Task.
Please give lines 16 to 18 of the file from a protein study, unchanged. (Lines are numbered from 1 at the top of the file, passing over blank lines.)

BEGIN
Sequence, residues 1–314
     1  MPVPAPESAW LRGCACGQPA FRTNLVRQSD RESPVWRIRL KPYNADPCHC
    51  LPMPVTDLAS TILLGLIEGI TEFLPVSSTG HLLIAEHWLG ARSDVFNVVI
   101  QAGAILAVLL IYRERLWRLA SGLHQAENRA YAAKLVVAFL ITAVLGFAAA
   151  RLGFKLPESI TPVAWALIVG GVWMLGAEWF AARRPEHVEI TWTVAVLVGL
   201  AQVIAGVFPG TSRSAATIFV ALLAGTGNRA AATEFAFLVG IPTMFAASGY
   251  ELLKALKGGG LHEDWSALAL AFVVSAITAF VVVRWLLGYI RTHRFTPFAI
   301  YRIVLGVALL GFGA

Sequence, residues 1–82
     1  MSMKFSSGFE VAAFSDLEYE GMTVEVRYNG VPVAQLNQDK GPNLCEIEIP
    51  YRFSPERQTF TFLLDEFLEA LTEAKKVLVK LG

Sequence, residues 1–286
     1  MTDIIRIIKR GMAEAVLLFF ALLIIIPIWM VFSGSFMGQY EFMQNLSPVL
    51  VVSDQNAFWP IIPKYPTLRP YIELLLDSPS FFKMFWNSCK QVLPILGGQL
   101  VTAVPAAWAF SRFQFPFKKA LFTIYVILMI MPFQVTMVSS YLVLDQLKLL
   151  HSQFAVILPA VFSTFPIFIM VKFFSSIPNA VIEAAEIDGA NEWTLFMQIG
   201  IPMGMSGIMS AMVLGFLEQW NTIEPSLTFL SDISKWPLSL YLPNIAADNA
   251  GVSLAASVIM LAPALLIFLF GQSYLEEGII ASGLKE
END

   151  HSQFAVILPA VFSTFPIFIM VKFFSSIPNA VIEAAEIDGA NEWTLFMQIG
   201  IPMGMSGIMS AMVLGFLEQW NTIEPSLTFL SDISKWPLSL YLPNIAADNA
   251  GVSLAASVIM LAPALLIFLF GQSYLEEGII ASGLKE